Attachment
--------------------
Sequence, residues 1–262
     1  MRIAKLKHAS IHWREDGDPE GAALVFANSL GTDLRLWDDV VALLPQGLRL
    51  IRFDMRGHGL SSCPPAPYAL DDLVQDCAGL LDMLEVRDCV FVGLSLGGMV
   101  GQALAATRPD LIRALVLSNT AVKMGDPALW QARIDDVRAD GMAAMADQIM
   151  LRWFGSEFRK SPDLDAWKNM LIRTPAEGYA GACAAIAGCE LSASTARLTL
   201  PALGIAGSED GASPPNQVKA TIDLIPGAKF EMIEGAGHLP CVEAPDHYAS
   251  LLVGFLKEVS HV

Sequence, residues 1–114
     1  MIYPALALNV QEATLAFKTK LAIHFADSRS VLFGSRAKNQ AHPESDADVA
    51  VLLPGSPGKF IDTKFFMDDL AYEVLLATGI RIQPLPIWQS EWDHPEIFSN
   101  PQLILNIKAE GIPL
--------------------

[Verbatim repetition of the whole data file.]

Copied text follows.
Sequence, residues 1–262
     1  MRIAKLKHAS IHWREDGDPE GAALVFANSL GTDLRLWDDV VALLPQGLRL
    51  IRFDMRGHGL SSCPPAPYAL DDLVQDCAGL LDMLEVRDCV FVGLSLGGMV
   101  GQALAATRPD LIRALVLSNT AVKMGDPALW QARIDDVRAD GMAAMADQIM
   151  LRWFGSEFRK SPDLDAWKNM LIRTPAEGYA GACAAIAGCE LSASTARLTL
   201  PALGIAGSED GASPPNQVKA TIDLIPGAKF EMIEGAGHLP CVEAPDHYAS
   251  LLVGFLKEVS HV

Sequence, residues 1–114
     1  MIYPALALNV QEATLAFKTK LAIHFADSRS VLFGSRAKNQ AHPESDADVA
    51  VLLPGSPGKF IDTKFFMDDL AYEVLLATGI RIQPLPIWQS EWDHPEIFSN
   101  PQLILNIKAE GIPL